Well, okay, that’s not exactly what Mark said, but close enough. There’s this whole hard/soft, masculine/feminine thing that some people feel is going a little too far in both directions, or at least isn’t being balanced out enough. There’s tons of ways you can take spirituality, and too many people only get exposed to one. It’s all talk or it’s all look or it’s all chatchat or it’s all silent solitude, or whatever. Maybe not something helpful to them. Whereas traditionally, you see a little bit of everything in the Bible. Even in one psalm, you get not just green pastures and cool waters, but a rod and staff to beat stuff off in the Valley of Death. Much more rounded.

In the old days, yes, there were some incredibly soppy or sentimental Victorian hymns. But then there were the other ones, which we no longer sing for entirely different reasons. It’s the whole “tends to make non-Catholic heads explode” thing that does it. :) But it’s not always fun to always be on our best behavior, always trying not to scandalize somebody who’s looking to be scandalized, is it?

But anyway, just to cheer up Mark with visions of a more Church Militant era in Catholic spirituality, it’s time for ten hardcore, pumped, unapologetic Catholic hymns.

10: “The Clouds Hang Thick o’er Israel’s Camp”: I shall excerpt from Verse 2.

The weapon which our fathers gave, each hand shall fearless wield:
Who bear Our Lady’s Rosary need neither sword nor shield:
With dauntless faith, the ranks they face of error and of sin:
And armed with those blest beads alone, the victory they win.

9. “It is no earthly summer’s ray”: Translation of “Decora lux aeternitatis auream”, a hymn for the feast of Ss. Peter and Paul. From Verses 3 and 4:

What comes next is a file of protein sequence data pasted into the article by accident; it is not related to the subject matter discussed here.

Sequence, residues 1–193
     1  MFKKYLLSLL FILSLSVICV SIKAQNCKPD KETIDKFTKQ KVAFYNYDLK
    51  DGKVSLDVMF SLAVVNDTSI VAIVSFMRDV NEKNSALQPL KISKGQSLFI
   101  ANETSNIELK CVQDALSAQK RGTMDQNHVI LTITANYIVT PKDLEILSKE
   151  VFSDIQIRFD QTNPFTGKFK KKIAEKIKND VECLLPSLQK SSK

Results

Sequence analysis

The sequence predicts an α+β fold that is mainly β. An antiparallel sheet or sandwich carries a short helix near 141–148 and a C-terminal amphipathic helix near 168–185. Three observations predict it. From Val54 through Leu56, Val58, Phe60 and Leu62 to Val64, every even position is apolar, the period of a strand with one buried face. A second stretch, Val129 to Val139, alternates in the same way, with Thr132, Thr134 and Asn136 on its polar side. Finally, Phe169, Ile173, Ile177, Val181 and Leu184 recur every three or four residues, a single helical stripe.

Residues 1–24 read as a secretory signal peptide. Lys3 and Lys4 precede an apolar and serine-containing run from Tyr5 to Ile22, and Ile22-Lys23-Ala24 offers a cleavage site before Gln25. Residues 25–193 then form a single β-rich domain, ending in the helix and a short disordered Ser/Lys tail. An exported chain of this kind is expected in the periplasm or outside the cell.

Fathers of mighty Rome, whose word Shall pass the doom of life or death,
By humble cross and bleeding sword Well have they won their laurel wreath.

O happy Rome, made holy now By those two martyrs’ glorious blood,
Earth’s best and fairest cities bow, By their superior claims subdued.

8. “Seek ye a patron to defend your cause?”: Translation of “Si vis patronum quaerere”, a hymn for St. Peter. From Verse 2:

Firm rock whereon the Church is based! Pillar that cannot bend!
With strength endue us, and the Faith From heresy defend.

7. “Sound the mighty champion’s praises”: Translation of “Nova atleta Domini”, a hymn for St. Dominic, the noted preacher and religious founder. This is so hardcore I have to quote it all.

Sound the mighty champion’s praises, Raise the song for him who came
Charged to tell the Gospel tidings, Charged to spread the Gospel flame.
Lordly errand, lordly errand, Suiting well his lordly name.

Stainless as a virgin lily, Fervent as a flaming brand,
Lo, he flies, still onward speeding, Flies to do his Lord’s command,
Flies to rescue, flies to rescue Captive souls from Satan’s hand.

Treading down this world of evil, To his mighty task he goes;
Stript of all, he seeks the conflict, Turns him to Christ’s banded foes
Grace sustaining, grace sustaining, With the fire that inward glows.

6. “Omnipotent, infinite Lord!”: Translation of “Regnator orbis summus et arbiter”, a hymn about guardian angels. Also extremely hardcore.

Omnipotent, infinite Lord! To thee the whole universe bends!
Thou madest the world at a word, And still upon Thee it depends.

We bless Thee, whose mercy provides us With guardians sent from on high,
Through ev’ry temptation to guide us, And shield us when danger is nigh.

To cope with the furious foe, Lest haply, unguarded he see
And slay with a treacherous blow The souls that were ransomed by Thee.

High praise to the Lord of all might, All-holy, all-gracious, all-wise!
Who sends us His angels of light To lure us again to the skies.

5. “Crown Him with Many Crowns”. Now that is hardcore and triumphalist and calls Jesus a king. All kinds of stuff that certain people find uncomfortable.

4. “Praise to the Holiest in the Height”: First of all, it’s by Ven. Cardinal Newman. But it also includes verses like these:

O loving wisdom of our God! When all was sin and shame,
A second Adam to the fight And to the rescue came.

O wisest love! that flesh and blood, Which did in Adam fail,
Should strive afresh against the foe, Should strive and should prevail.

3. “Hark, hark, my soul”: Translation of “Voces angelorum”. This is hardcore in a different way. Admittingly that life can be hard and scary? Tsk, tsk. From Verse 2:

Darker than night, life’s shadows fall around us,